A patient rests in a room of he Pyongyang Maternity Hospital as foreign reporters visit on a government organised tour in Pyongyang, North Korea May 7, 2016. Reuters/Damir Sagolj

Austrend is facing penalties up to $54,000 per contravention for allegedly discriminating its employee during her pregnancy period. According to the employee, the company denied her lawful right to return to work after taking parental leave.

In early 2015, Austrend was informed by the employee that she intended to start a period of parental leave in mid-2015. However, Austrend allegedly raised performance issues against the employee for the first time. Subsequently, the company issued her a written warning. The performance management action was allegedly unwarranted and a form of adverse action taken against the employee due to her intention to exercise her right to a parental leave.

Two months after the employee received the written warning, the worker allegedly agreed to delay her maternity leave to help the company to cover staff shortage. The formal leave of the employee started a day before she gave birth to her first child.

However, in November 2015, while the employee was on parental leave, she was advised to return to her full-time duties in April 2016. But the company rejected her request to return to work with flexible working arrangements.

In March 2016, the employee advised the company that she was pregnant for the second time but she still intended to return to work in April 2016. The company allegedly told her that the unpaid leave would be extended until after the birth of her second child. The employee said that she had not requested an unpaid leave extension.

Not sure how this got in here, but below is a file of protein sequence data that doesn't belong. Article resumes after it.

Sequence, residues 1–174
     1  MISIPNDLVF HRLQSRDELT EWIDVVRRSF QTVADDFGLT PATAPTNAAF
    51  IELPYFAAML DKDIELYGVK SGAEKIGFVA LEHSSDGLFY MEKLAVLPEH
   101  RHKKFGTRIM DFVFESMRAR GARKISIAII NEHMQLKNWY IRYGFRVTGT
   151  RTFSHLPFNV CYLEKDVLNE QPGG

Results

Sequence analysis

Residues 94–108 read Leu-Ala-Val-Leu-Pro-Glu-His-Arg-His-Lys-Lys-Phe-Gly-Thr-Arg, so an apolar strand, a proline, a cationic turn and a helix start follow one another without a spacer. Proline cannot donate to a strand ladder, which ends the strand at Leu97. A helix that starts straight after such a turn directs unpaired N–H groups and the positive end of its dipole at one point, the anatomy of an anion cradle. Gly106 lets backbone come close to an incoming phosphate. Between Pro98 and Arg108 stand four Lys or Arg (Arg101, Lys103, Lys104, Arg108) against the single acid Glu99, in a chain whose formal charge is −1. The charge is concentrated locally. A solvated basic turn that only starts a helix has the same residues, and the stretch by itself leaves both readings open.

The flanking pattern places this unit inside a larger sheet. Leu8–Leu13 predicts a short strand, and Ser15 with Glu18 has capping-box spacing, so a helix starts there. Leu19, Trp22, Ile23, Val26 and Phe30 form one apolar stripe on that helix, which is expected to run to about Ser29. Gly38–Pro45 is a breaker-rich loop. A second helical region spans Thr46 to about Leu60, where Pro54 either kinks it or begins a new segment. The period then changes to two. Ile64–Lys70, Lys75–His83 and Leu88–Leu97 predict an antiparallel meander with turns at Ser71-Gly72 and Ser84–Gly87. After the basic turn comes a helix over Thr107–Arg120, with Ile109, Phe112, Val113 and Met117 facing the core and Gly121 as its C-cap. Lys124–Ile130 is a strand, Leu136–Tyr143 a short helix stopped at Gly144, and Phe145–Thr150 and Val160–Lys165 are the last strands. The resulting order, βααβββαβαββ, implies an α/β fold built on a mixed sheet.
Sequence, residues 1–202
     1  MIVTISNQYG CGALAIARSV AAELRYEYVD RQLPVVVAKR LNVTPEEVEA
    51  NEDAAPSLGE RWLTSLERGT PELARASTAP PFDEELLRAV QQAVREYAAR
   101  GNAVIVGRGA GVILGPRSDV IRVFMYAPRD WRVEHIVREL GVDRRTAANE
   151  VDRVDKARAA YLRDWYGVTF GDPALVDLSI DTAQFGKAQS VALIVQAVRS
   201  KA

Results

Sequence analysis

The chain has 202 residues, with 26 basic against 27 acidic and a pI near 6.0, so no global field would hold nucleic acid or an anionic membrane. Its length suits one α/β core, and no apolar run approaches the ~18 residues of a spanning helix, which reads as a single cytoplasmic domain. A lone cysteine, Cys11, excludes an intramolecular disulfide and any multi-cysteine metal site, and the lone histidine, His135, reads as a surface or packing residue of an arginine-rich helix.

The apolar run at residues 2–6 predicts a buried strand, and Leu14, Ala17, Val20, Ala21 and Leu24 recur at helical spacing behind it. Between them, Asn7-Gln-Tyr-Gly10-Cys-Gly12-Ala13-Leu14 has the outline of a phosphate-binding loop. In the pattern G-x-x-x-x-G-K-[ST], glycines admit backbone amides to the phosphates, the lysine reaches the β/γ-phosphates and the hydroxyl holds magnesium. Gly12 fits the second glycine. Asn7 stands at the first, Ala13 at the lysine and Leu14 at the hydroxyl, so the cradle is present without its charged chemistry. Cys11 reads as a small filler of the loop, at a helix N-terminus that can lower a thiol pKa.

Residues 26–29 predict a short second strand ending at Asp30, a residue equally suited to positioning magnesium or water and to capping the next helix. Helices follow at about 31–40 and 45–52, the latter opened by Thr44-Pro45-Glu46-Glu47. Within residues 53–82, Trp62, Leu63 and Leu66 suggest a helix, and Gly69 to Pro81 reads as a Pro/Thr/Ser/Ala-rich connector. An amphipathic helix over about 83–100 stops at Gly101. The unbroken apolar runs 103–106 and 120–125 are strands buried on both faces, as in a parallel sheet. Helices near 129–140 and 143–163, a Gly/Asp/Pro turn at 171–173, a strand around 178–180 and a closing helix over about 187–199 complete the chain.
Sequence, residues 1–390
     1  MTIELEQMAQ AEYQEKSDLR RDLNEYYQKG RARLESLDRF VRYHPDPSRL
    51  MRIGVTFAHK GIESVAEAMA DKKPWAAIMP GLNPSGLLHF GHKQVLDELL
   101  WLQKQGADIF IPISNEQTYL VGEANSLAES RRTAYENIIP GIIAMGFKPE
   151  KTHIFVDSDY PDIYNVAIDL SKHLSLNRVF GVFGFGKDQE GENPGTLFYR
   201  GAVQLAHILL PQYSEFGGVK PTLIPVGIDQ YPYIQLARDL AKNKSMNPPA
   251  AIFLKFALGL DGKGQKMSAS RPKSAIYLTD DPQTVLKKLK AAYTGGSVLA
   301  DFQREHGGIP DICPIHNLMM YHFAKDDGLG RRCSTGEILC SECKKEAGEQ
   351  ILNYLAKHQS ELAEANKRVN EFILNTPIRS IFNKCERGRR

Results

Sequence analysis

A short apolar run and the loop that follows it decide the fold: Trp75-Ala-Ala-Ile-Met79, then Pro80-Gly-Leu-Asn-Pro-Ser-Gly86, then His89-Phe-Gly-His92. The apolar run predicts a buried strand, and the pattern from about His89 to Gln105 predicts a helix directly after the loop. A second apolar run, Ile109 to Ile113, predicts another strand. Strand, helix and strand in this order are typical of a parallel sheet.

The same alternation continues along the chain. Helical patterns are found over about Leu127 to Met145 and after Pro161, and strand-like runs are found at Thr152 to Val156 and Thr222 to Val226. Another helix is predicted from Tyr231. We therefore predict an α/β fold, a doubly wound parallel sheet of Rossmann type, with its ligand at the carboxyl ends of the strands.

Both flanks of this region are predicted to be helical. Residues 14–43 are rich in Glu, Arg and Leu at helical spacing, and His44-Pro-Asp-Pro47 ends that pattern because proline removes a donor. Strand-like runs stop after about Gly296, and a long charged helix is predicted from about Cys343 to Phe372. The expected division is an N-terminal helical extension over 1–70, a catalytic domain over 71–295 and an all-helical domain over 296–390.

The employee said that she received an advice to return to work in April as originally agreed. She informed the company that she received the advice. Austrend allegedly denied the existence of any agreement that she returned to work in April.

The employee has faced allegations about performance issues and she was asked to get a medical certificate that she needed to present to return to work. Based on the allegations, the medical certificate was presented by the employee in July 2016. Then the company allegedly asked her to sign a Letter of Resignation prepared by the company's management. The employee signed the letter amounting her to a constructive dismissal.

Fair Work Ombudsman Natalie James said that employees have a lawful right to work after the parental leave period. "Allegations that pregnant women are facing discrimination in the workplace are of grave-concern and it is important that all employers are aware of their obligations under the law," James said.

Under the Fair Work Act, employees discriminated due to pregnancy, marital status, age, race, colour, sex, sexual preference, religion, physical or mental disability, political opinion, social origin, national extraction and family or carer responsibilities is unlawful. Apart from the charges faced by the company, the ombudsman has charged the company's director and part-owner Denzil Godfrey Rao with penalties up to $10,000 per contravention.